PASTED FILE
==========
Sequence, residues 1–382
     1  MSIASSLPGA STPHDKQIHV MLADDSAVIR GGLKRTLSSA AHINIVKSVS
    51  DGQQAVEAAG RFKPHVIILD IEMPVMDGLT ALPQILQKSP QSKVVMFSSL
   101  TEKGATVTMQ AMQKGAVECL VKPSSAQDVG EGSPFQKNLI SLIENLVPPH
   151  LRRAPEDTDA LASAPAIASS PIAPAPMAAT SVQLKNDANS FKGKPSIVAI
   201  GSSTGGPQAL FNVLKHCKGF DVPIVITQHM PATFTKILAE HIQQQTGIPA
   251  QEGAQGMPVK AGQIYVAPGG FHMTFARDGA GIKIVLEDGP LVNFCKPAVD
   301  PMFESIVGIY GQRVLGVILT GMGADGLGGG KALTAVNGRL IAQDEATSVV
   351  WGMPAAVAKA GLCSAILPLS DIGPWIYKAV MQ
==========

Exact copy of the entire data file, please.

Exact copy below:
Sequence, residues 1–382
     1  MSIASSLPGA STPHDKQIHV MLADDSAVIR GGLKRTLSSA AHINIVKSVS
    51  DGQQAVEAAG RFKPHVIILD IEMPVMDGLT ALPQILQKSP QSKVVMFSSL
   101  TEKGATVTMQ AMQKGAVECL VKPSSAQDVG EGSPFQKNLI SLIENLVPPH
   151  LRRAPEDTDA LASAPAIASS PIAPAPMAAT SVQLKNDANS FKGKPSIVAI
   201  GSSTGGPQAL FNVLKHCKGF DVPIVITQHM PATFTKILAE HIQQQTGIPA
   251  QEGAQGMPVK AGQIYVAPGG FHMTFARDGA GIKIVLEDGP LVNFCKPAVD
   301  PMFESIVGIY GQRVLGVILT GMGADGLGGG KALTAVNGRL IAQDEATSVV
   351  WGMPAAVAKA GLCSAILPLS DIGPWIYKAV MQ